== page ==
5 Investing Rules of Thumb to Live By

Written by , May 9, 2011

5 Investing Rules of Thumb to Live ByIf you’re reading this, it’s a safe bet that you know the importance of investing a portion of your earnings. Everyone should be putting money away for emergencies and retirement. But while most people realize that, relatively few understand how to do so effectively.

The truth is you don’t have to be a rocket scientist to make sense out of investing. You just need to be willing to learn. Some aspects of investing are best learned through experience.

Here are five rules of thumb for those who are just getting started.

  • 1. You’re never too young to start saving for retirement. The average life expectancy these days is around twenty years past retirement age. You could live much longer than that. Saving up enough money to sustain yourself for that length of time is no small task. If possible, you should start saving for retirement when you get your first job. And no matter how old you are, if you haven’t started yet, right now is the time to do so.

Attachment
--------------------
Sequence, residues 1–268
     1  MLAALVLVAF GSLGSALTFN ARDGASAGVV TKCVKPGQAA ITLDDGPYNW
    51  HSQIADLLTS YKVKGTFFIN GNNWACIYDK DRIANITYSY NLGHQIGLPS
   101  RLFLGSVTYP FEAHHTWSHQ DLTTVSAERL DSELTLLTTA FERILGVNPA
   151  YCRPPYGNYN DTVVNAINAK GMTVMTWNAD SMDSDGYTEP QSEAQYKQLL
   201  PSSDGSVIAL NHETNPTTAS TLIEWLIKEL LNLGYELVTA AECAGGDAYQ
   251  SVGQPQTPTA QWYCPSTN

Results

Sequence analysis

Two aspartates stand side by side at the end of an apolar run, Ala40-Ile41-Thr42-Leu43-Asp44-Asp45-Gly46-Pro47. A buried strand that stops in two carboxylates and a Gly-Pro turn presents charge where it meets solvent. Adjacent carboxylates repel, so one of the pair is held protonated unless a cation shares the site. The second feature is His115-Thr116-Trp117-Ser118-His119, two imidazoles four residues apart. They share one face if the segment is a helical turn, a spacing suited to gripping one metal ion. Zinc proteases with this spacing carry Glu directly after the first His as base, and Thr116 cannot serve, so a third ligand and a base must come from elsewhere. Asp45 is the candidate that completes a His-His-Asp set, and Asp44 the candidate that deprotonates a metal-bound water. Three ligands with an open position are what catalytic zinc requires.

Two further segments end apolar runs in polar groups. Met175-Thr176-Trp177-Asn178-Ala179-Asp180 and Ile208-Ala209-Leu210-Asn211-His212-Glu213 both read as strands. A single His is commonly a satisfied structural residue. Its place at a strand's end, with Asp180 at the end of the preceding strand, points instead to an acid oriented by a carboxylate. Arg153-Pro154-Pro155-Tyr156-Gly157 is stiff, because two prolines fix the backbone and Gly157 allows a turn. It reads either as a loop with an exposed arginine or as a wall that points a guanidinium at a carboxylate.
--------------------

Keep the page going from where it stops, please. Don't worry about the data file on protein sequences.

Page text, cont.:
• 2. Invest at least 10% of your income (before taxes). If you put it aside out of each paycheck before you pay bills or do any other spending, you’ll never miss it. For those who are not disciplined enough to put that much aside, automation is your friend. Have the money deducted from your pay and put directly into your retirement account, or have it direct deposited into a savings account while the rest goes into checking. And if you can manage to save more than 10%, go for it.
  • 3. Remember the rule of 72. Divide 72 by your investment’s yield percentage, and you’ll get the number of years that it will take you to double your investment. For example, if you’re getting a 6% return, it will take twelve years for your investment to double in value.
  • 4. Diversification is always important, but the amount of risk you should take varies with age. As a general rule, financial advisers say that you should subtract your age from 100 to see how much of your portfolio should be allocated to stocks. That means that if you’re 30, 70% of your portfolio should consist of stocks and 30% should consist of less risky investments.
  • 5. Don’t forget about transaction costs, inflation and taxes. All of these things take a bite out of the returns on your investments. So when you’re considering a new investment, subtract the inflation rate, transaction charges and any applicable taxes from the return rate. If you end up breaking even or in the red, look for another investment or find a way to cut your costs.
  • These basic rules should help you get your investments off on the right foot. You can learn the finer points as you go. All investment comes with some amount of risk, but by educating yourself you can lower that risk substantially.

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